The latest news about COVID-19 in Australia is undeniably grim. Case numbers are disturbingly high in Victoria. New clusters have emerged in New South Wales. And the pandemic that many people thought would last for months now looks like continuing well into next year — and perhaps longer if predictions about vaccine development prove premature. 

As if this wasn’t bad enough, it seems the pandemic has shone a light on a darker side of human nature — a ruthless, primal desire of individuals to meet their own (often illusory) needs, even when this comes at the expense of society’s most vulnerable members.

First we had the frenzied panic buying and toilet-paper hoarding in the early stages of the pandemic. Now we’ve witnessed a frenzied dash to stock up on masks as the Victorian Government’s mandatory face-mask policy comes into effect. On Twitter, people have described scenes of total chaos at retail stores as Victorians “climb over each other” to buy either masks or the equipment needed to make them.

Premier Daniel Andrews has warned retailers against price-gouging amid the mask-mania that has gripped the state. Supermarket giant ALDI was slammed on social media for selling a packet of 50 masks for $69.99, though this turned out to be cheaper than the going rate at many independent pharmacists.

One could be forgiven for thinking this selfish behaviour confirms what Dutch biologist Francis De Waal describes as the “veneer theory” of human civilization: the notion that basic human decency is nothing more than a thin veneer that will crack at the merest provocation.

But are we really selfish and callous at heart? And what does the COVID-19 pandemic reveal about the basic goodness of human beings?

I recently read philosopher Rutger Bregman’s thought-provoking book Human Kind: A Hopeful History, and it helped me to rethink my own pessimistic view of humanity. Bregman rejects the “veneer theory” of human civilization, arguing instead that human beings are (for the most part) good natured and benevolent. While the media and philosophy present a fairly bleak picture of our shared humanity, a closer look at history and psychology reveal that we do in fact support each other in a crisis, and we all have the psychological resources to be optimistic and selfless in the face of profound challenges.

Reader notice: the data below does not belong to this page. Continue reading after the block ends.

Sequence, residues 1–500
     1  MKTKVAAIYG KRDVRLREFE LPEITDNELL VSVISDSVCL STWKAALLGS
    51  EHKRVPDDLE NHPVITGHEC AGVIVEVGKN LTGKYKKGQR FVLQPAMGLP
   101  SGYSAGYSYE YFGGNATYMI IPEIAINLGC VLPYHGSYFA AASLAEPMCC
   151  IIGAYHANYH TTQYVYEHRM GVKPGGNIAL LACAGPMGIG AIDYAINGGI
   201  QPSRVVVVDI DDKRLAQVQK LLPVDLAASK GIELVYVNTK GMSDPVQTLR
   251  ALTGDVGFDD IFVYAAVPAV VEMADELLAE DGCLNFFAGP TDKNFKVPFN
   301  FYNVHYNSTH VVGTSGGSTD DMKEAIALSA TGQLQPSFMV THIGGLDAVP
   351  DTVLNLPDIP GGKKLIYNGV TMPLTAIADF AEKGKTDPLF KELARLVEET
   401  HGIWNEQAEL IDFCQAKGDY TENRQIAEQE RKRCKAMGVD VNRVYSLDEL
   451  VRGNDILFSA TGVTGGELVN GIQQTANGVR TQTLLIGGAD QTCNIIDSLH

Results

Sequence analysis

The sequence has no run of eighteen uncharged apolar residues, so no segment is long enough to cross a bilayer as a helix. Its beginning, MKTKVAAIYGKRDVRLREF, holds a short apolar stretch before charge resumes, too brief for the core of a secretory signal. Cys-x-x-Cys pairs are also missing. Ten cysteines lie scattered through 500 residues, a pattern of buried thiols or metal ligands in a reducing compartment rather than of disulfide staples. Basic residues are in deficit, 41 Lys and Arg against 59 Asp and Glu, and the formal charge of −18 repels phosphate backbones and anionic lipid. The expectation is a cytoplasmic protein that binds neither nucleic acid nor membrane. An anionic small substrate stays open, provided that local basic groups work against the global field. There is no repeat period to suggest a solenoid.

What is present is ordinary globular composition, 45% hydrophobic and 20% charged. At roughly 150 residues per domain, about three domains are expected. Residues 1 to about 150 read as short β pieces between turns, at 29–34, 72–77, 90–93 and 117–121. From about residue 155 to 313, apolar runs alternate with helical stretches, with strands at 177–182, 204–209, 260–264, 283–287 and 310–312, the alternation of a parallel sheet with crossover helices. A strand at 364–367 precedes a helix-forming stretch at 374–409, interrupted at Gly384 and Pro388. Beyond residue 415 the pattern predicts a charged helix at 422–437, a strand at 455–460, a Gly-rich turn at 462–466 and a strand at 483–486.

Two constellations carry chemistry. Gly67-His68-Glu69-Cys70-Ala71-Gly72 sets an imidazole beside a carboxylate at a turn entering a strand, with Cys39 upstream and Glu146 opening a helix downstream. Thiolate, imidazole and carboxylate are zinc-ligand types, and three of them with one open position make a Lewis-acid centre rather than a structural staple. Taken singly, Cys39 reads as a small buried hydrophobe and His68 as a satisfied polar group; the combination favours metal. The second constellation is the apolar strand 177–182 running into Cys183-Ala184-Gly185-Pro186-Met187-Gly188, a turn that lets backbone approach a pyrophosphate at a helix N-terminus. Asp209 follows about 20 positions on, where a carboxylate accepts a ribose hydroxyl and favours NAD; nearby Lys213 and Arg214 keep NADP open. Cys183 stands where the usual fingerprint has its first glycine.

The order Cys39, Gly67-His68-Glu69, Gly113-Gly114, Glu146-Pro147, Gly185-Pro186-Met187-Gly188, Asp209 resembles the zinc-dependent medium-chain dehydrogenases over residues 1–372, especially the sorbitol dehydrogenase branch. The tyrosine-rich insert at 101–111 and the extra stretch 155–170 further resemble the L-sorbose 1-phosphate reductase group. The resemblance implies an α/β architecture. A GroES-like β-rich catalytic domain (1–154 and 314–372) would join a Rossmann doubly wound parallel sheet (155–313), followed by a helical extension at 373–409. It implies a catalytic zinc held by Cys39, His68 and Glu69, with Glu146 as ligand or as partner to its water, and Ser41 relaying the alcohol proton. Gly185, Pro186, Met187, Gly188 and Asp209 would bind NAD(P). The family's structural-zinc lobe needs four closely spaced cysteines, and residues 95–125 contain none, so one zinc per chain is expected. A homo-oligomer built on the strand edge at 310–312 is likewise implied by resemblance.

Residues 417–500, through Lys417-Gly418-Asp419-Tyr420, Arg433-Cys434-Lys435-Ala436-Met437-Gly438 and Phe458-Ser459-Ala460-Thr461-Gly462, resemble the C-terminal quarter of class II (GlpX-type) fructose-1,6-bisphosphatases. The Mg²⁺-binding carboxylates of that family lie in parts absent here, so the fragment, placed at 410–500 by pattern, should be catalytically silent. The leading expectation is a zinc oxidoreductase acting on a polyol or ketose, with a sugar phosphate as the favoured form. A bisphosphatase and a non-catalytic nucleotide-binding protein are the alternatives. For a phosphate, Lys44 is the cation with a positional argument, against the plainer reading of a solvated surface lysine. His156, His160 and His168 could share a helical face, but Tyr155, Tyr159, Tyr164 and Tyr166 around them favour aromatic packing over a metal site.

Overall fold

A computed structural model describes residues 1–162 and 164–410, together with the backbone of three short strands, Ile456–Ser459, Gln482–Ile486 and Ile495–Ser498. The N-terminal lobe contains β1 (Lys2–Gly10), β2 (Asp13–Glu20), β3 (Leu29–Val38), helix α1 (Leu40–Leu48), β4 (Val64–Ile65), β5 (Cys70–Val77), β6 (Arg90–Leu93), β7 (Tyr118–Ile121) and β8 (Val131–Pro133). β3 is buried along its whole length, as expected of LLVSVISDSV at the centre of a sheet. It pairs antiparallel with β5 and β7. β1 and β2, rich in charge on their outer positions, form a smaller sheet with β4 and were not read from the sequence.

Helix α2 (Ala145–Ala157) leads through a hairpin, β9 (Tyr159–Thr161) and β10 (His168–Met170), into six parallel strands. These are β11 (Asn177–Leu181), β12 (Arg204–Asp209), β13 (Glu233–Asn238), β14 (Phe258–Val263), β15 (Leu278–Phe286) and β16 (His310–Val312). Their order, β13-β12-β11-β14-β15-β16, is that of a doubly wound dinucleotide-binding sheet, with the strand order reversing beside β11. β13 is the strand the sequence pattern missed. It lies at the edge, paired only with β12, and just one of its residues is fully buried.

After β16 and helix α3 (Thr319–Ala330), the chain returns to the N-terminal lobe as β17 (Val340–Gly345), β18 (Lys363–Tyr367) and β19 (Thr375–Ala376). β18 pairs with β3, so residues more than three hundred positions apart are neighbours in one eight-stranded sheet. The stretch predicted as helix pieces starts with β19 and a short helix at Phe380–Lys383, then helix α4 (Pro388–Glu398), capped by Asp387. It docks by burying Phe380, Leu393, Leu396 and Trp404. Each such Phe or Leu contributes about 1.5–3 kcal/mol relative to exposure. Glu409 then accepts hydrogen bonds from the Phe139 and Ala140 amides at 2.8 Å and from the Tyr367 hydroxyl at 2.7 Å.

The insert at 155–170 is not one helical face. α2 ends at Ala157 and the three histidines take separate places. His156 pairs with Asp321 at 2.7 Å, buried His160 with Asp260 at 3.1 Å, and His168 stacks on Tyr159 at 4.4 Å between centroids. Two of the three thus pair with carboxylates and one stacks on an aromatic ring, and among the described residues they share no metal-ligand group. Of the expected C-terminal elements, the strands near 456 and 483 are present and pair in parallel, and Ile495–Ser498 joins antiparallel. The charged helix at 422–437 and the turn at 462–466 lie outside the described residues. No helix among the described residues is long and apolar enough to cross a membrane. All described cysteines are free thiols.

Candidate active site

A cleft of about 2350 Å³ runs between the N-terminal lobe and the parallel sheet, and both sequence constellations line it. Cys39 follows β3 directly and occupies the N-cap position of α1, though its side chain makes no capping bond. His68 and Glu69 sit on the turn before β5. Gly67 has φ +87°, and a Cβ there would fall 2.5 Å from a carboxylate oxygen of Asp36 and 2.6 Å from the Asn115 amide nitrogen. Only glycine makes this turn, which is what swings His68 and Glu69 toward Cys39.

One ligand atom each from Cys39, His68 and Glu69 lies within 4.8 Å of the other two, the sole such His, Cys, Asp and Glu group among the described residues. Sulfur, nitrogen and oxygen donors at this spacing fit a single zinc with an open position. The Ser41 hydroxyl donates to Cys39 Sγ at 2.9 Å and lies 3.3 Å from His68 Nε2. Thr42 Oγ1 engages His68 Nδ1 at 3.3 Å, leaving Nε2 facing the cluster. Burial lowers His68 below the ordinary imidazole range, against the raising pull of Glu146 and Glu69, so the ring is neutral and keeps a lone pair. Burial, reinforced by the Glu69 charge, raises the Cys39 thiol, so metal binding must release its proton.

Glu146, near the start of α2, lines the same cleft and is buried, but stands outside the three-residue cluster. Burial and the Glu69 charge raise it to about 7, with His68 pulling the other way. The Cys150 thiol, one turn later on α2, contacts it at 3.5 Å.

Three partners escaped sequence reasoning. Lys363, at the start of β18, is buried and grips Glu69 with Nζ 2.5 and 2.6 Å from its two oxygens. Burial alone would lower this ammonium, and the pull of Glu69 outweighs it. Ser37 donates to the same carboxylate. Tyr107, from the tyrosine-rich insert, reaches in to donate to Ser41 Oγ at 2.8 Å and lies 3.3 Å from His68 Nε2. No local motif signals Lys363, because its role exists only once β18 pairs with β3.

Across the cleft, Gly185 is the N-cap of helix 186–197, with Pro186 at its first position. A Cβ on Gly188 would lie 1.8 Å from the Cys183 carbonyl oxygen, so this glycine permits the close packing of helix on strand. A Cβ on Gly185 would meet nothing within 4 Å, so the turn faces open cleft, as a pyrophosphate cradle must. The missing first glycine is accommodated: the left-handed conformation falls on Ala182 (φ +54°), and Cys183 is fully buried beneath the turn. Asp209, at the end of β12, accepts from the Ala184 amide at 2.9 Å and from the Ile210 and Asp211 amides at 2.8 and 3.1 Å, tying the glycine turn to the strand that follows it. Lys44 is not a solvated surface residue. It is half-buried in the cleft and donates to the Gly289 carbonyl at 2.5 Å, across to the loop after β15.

Bregman even tells the story of “the real Lord of the Flies” — about a group of six Tongan school students who from June 1965 till September 1966 were stranded on a tiny island 300 kilometres from the Tongan capital after their boat was damaged in a storm. Far from descending into a brutal form of tribal life, the boys looked after each other and set up a small commune — complete with a food garden, a water tank, a gymnasium and fire — until they were rescued by a fisherman and taken home.

Indeed, there is no shortage of examples of heroic and selfless behaviour in the midst of the tragedies of the COVID-19 pandemic.

In February, there was a steady stream of reports of healthcare professionals working around the clock in China’s Hubei Province to deal with the overwhelming surge of patients infected with the virus. Often these workers lacked adequate personal protective equipment but still continued to care for patients. Many fell ill, and some died. Similar stories have surfaced in countries like the US, where upwards of 800 front-line healthcare staff have died from COVID-19 after courageously caring for others who had contracted the virus.

Closer to home, a record number of volunteers are now working at the Sydney Asylum Seeker Centre — a not-for-profit group that provides for temporary visa holders in Australia. Temporary visa holders are ineligible for the Federal Government’s Job Keeper subsidy and have been among the hardest hit members of the community during the pandemic.

Before COVID-19 took hold, the Asylum Seeker Centre fed around 90 families. Now, a team of 240 volunteers take to the roads every day to deliver a fortnight’s supply of food to 500 families across Sydney.

The COVID-19 pandemic has been a tragedy of biblical proportions. It is a scourge that no one would ever wish on the world.

But there is a deep and uplifting insight about human nature hidden in the endless stream of bad news. We’re not as selfish and ruthless as some might think, and our humanity runs deeper than the “veneer” of civilization.

Xavier Symons is a Postdoctoral Research Fellow at the Plunkett Centre for Ethics, The Australian Catholic University and St Vincent’s Health Australia.